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CBN wants Nigeria to boost revenue as part of measures to deal with economic challenges

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The Central Bank of Nigeria (CBN) Governor, Godwin Emefiele has asked Nigeria and the rest of the African countries to increase revenue generation as part of measures of dealing with the prevailing global economic challenges.

Emefiele, who spoke on the sideline of the ongoing World Bank/IMF Spring Meetings in Washington, DC, said while the global financial watchdog is recommending slow down in spending, he would prefer that the country boost revenue to cover up the fiscal deficits.

“For the fiscal, of course, because of the limited fiscal space, the IMF insists that countries need to reduce their spending, but in my case, I will say, well, if you want to spend, then raise revenue to be able to spend.

“I think it’s important that you must raise revenue and not get yourself constrained in an environment where there is no debt, where financial market conditions are very tight and very limited, where interest rates are high and could create a lot of burden for economies, and the only option for fiscal policy, in this case, is to expand the revenue base so as to be able to spend.”

He also spoke on the growth projection by the IMF for Nigeria, noting that the economic outlook for the country as forecasted by the BrethonWood institution is an indication that the country and the economic managers are doing something right.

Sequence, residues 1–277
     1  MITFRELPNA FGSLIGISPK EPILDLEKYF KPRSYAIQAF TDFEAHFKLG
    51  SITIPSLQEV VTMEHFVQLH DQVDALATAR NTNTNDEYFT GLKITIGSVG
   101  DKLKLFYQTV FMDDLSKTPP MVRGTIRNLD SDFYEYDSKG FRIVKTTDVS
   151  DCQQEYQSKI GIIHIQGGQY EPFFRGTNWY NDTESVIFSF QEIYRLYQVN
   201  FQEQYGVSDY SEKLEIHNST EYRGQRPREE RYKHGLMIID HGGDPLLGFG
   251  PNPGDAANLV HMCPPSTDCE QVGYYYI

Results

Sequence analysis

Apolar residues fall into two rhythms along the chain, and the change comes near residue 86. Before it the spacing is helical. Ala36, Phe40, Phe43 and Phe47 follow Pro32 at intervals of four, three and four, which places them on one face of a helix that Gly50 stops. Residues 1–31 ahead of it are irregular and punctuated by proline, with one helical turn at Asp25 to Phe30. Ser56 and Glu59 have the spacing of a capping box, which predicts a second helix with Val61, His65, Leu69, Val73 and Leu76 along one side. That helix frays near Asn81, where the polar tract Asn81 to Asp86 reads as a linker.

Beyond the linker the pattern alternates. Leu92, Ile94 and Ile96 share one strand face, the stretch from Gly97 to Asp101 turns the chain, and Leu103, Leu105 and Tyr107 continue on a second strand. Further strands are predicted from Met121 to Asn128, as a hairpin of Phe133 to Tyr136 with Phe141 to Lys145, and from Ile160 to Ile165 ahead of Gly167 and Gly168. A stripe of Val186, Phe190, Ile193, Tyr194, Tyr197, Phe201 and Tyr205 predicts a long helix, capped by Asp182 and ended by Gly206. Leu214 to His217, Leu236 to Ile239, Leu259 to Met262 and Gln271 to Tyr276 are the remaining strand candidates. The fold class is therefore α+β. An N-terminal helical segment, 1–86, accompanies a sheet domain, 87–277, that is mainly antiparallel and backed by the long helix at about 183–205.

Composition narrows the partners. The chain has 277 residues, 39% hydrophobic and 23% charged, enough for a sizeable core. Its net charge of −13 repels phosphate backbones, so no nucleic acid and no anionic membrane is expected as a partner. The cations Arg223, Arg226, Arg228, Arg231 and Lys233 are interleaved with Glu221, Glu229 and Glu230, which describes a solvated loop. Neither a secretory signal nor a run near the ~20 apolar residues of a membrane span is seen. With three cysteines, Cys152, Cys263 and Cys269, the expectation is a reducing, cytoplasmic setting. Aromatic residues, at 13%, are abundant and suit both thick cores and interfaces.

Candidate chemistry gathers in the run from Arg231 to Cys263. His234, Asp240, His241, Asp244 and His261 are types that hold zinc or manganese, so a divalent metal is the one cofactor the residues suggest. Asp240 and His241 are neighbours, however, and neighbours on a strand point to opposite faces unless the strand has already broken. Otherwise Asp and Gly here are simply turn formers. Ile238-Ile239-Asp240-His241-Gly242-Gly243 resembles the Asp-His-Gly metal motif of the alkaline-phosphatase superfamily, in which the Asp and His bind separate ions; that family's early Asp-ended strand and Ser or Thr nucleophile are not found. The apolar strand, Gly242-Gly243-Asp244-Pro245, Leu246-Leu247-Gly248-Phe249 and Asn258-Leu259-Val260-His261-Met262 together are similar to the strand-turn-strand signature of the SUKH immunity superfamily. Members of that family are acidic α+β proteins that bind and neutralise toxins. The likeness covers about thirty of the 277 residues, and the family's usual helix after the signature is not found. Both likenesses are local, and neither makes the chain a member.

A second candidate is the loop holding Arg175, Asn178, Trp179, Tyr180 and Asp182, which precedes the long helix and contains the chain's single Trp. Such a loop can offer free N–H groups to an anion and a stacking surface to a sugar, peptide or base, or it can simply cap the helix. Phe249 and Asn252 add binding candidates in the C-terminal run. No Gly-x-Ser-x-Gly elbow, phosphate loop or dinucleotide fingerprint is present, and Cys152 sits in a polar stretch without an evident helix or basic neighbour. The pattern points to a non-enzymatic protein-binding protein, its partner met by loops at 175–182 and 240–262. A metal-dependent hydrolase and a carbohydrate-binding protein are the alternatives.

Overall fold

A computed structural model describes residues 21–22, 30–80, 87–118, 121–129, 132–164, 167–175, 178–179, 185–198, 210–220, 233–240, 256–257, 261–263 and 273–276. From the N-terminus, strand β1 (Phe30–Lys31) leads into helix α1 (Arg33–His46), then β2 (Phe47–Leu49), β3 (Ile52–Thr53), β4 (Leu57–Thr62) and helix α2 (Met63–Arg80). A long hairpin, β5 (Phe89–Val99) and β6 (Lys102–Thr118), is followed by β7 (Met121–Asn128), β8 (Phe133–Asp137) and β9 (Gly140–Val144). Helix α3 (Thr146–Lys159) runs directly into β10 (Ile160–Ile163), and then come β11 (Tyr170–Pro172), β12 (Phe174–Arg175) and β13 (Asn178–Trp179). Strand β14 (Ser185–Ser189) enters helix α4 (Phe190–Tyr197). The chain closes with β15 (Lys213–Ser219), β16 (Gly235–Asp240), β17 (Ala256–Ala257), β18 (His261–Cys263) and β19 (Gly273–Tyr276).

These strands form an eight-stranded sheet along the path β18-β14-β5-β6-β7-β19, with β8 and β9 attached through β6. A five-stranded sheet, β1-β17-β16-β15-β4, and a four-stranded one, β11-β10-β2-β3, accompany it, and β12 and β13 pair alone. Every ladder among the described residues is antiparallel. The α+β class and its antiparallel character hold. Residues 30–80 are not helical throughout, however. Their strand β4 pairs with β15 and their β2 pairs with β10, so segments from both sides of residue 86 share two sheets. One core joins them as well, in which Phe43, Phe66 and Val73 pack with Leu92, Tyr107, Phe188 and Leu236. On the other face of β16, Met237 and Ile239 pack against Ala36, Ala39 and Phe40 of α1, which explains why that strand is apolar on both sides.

The IMF,  in its Regional Economic Outlook, projected that Nigeria would record 3.2 percent growth in its gross domestic product (GDP) for the 2023 fiscal year.

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Emefiele, while addressing journalists at the venue of the meeting, said even though the growth projection of 3.2 percent is still sub-optimal by CBN’s assessment, he, however, noted that the IMF’s decision to keep Nigeria’s growth projection at such a level is delightful.

“I must say that we are delighted that even in sub-Saharan Africa, the growth levels in Nigeria, even by our assessment, are still sub-optimal. That the IMF would, among all the countries in Africa, say that growth in Nigeria should be retained at 3.2 percent, gladdens our heart,” Emefiele said.

He further said that “It means we are doing certain things that are correct, and we’ll continue to do those things that are right.

“But it also means that we are not going to remove our eyes from monetary policy, which is to focus extensively on how to moderate inflation, but at the same time, ensure that banking system stability remains resilient and then strong, as it is right now.”

“The IMF themselves also talked about the fact that even the debt portfolios, the lending portfolios, have reached [an] all-time high. In two decades, this is the highest level of debt portfolio that the IMF has seen in its books,” Emefiele said.

“They are, unfortunately, warning that they may not be in a position to do much for countries that really require more debt to be able to restructure the balance sheet and then keep going on.”

“So, the focus remains that the monetary authorities must continue to focus on inflation so as to continue to bring it down. But while monetary authorities are doing their work to bring down inflation, they must also keep an eye on the stability of banking systems through monitoring, supervision, and regulatory frameworks.

(omayowa@globalfinancialdigest.com; Newsroom: +234 8033 964 138)

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